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Back in February, William D. Cohan noted in Vanity Fair that Tony Wible, a research analyst who covers Netflix (NASDAQ:NFLX) for Janney Montgomery is one of my "heroes." While I will not be serenading Wible with Bette Midler anytime soon, I do appreciate and agree with his views on Netflix.

He's out with a note this morning, where he (sort of) serenades me:

Internal Memo - Rocco Pendola of Seeking Alpha and TheStreet.com reports having seen a recent internal memo to IT staff that references "Split 2.0". While NFLX representatives have downplayed the memo's reference as internal IT jargon, and it may merely reference the aforementioned UI update, this term seems much more relevant in light of all the other data points.

Slapping a SELL rating and $55 price target on the stock, here's how Wible sees things heading into Netflix's Monday earnings call:

Point of Failure - If NFLX were facing a slowdown, the DVD business would ostensibly be more prone to weakness, as it should have a higher correlation with the internet tracking data given the DVD sub's dependence on the NFLX website. However, this business is highly profitable and NFLX has not pre-announced, which could imply: 1) there is no slowdown; or 2) the slowdown is partly tied to the lesser profitable streaming business.

Qualitative Support - NFLX's actions may also support the notion of a slowdown. The company recently changed its DVD acquisition technique, spoke of partnering with MSOs, and has taken actions that could suggest there is another attempt to split the services. The acquisition of DVD.com, the recent change in UI, and internal reference to "Split 2.0" could be seen as a way for NFLX to establish a cleaner separation between the two services and the Netflix brand, which may be warranted if NFLX were to ever pursue strategic alternatives and/or partnerships.

Lowering Numbers - The aforementioned mosaic could very well be wrong, in which case there would be reason for renewed optimism. It is difficult to make a bold call on the quarter, but we believe risk is elevated and more caution is warranted, which leads us to reduce our estimates and fair value.

A few thoughts on Wible's take. By and large, I agree with it. That said, I have always been rather uneasy about using traffic to Netflix's Website to judge the company's condition. When Netflix made mainstream, national news last year, traffic to Seeking Alpha, at least from what I am able to tell, spiked. Naturally, people wanted news on what was happening so they Googled "Netflix" and other terms leading them here, there and elsewhere. We should be ready to attribute the tapering off of traffic to Netflix stepping out of the headlines as much as we are willing to chalk it up to slow growth.

Instead, if there is a DVD slowdown, it's Netflix's fault. And you really do not need to analyze Web traffic to read the writing on the wall. As Wible ably noted, a confluence of factors contribute to a potential slowdown in DVD, not the least of which is the recent surprising preannoucement from Coinstar (CSTR).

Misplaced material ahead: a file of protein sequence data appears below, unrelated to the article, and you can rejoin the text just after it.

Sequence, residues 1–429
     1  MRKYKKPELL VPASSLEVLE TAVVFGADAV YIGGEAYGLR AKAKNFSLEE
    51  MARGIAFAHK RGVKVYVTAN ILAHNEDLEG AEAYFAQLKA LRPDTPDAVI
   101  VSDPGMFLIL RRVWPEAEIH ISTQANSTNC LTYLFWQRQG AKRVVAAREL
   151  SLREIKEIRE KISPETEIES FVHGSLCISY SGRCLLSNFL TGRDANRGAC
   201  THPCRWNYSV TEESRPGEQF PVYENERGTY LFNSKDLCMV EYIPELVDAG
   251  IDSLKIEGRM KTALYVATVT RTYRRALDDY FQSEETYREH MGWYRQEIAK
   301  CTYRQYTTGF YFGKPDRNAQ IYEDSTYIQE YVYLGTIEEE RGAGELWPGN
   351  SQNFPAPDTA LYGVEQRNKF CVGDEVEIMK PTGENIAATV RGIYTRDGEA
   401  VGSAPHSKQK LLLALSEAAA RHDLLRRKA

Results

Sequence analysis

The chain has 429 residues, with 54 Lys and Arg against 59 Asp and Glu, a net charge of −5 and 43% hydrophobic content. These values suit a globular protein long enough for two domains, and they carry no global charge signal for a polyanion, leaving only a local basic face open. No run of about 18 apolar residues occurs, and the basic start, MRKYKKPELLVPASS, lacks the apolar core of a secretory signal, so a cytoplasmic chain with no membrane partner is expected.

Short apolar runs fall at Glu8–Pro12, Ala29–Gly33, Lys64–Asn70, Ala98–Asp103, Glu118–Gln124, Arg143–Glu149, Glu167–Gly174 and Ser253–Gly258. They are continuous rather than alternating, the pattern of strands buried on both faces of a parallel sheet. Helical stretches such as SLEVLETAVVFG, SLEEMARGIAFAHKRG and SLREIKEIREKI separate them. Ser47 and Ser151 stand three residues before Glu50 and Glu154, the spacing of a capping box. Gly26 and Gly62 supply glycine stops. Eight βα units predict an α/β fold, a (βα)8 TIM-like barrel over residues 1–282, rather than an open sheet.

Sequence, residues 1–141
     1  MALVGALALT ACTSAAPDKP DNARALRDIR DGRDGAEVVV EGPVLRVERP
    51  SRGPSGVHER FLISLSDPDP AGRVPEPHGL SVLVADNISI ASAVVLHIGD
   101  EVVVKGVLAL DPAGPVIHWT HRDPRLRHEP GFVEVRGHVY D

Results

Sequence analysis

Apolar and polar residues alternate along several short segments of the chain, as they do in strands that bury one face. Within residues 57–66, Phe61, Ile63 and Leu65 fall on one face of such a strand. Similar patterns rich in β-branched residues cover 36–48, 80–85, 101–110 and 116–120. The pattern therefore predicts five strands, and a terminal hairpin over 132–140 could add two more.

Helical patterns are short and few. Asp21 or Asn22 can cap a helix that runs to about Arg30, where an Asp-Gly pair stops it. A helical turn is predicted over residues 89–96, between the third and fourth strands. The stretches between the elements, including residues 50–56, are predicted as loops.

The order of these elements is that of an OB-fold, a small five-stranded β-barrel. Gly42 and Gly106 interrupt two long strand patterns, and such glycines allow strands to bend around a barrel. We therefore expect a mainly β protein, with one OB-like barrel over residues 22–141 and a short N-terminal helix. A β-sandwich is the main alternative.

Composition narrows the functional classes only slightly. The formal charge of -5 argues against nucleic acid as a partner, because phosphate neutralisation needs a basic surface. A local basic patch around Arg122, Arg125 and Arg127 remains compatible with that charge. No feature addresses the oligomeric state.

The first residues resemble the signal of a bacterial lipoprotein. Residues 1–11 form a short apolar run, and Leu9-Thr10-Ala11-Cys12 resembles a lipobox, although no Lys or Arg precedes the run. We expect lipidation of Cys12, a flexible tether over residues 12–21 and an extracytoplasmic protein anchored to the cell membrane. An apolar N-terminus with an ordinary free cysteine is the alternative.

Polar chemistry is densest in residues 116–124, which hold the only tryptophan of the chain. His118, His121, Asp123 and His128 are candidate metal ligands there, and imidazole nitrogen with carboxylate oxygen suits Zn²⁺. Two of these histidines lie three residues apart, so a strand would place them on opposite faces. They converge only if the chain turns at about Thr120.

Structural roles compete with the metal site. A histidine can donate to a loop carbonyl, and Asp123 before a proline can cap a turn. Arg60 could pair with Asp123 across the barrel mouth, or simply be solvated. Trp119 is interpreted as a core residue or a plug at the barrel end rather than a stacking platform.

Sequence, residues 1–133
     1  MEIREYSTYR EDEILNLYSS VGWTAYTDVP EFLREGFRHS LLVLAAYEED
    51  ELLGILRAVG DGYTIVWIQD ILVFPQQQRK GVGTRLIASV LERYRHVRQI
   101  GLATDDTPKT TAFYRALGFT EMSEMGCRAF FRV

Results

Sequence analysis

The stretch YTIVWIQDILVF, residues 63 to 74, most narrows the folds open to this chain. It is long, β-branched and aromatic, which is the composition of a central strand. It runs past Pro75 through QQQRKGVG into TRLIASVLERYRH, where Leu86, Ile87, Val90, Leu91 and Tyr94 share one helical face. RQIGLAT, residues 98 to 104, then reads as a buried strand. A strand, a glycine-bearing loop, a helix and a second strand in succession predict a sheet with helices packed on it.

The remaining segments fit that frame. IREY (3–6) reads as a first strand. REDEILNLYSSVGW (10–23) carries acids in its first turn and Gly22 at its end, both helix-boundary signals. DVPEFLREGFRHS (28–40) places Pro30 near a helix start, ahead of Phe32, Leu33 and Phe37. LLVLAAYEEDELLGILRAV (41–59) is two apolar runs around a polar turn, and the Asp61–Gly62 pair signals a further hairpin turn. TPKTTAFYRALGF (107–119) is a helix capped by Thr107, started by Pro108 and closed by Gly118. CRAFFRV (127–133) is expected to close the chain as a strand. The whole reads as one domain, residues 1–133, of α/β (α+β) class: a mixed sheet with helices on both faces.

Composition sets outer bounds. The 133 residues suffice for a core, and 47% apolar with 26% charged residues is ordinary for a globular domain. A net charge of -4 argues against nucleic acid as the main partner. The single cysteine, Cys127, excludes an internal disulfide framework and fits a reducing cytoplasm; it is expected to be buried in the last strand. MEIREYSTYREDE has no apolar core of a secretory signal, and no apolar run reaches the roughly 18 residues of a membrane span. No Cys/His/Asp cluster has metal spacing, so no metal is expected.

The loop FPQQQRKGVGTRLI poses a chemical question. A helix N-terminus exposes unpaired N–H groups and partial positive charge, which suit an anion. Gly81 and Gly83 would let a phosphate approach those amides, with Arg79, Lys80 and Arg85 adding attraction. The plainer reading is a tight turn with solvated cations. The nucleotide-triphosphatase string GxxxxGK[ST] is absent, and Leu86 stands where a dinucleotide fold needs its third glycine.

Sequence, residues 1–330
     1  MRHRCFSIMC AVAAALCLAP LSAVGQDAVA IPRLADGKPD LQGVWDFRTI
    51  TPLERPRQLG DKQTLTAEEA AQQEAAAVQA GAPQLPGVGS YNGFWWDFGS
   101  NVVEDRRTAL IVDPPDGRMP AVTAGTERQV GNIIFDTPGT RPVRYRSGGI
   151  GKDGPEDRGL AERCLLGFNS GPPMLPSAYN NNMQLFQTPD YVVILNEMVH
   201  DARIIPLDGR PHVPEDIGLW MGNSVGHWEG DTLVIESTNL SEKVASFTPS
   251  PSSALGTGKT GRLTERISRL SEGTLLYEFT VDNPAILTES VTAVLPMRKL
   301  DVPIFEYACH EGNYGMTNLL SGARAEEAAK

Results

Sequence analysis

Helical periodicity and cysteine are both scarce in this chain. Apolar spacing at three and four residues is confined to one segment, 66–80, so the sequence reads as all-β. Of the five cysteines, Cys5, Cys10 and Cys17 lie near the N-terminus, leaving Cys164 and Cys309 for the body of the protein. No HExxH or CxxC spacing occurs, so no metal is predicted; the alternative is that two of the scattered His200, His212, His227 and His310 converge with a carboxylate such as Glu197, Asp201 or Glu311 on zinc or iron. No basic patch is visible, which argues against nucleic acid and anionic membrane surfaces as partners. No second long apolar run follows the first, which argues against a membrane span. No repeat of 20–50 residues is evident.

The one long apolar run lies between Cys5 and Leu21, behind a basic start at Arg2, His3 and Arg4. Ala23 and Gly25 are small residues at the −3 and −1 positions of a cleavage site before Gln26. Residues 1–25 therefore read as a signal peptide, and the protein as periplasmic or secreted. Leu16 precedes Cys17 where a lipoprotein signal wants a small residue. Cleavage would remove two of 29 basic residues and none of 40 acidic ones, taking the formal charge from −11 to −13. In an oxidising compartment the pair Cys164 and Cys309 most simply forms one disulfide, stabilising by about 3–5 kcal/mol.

Wible also believes there's a good chance Netflix's subscriber numbers will come in at the low-end of the company's guidance. He's smart, however, to urge caution. Cynics will argue that it's yet another case of an analyst covering his butt, but I do not buy that. Netflix projects a murky picture right now. There's not much that would surprise me on Monday, ranging from an earnings beat to the worst quarter in the company's history. Depending on how much color Netflix gives us in its earnings-related documents and conference call, I believe I will be able to make a more confident case for the rest of the year.

No matter what happens next week, Wible's price target of $55 is closer to reality than the current market price of $108. One false move and this thing implodes. That said, I have slowly changed my tune on Netflix CEO Reed Hastings over the last year.

While I disagree with him on many aspects of his company's business, I like the way he thinks. The decision to leave the DVD segment for dead so soon remains a bad one. In my opinion, it will give Netflix no other choice but to find a way to raise money sometime this year. It could go to market again, but that would not look good, therefore I think the company slaps a "For Sale" sign on its DVD operation. At present, it does not have a suitable revenue stream to even have a chance of executing Hastings' progressive and ambitious vision for the future.

If you're holding a lotto ticket, so to speak, that requires a complete implosion to become profitable again (like I am), I say "go for broke" if you can afford it. That was my plan last year when I picked up more NFLX June $40 puts. To make that sort of deep OTM options trade ahead of earnings this quarter, in either direction, is nothing short of gambling. It probably was last year as well, but it's one of the few low probability positions you'll see me commit to.

Fellow Seeking Alpha contributor Kim Klaiman provides an example of one way to play NFLX prior to the company's report here.

Source: The Netflix Bull And Bear Debate Continues

Additional disclosure: I am short NFLX via a long position in NFLX put options.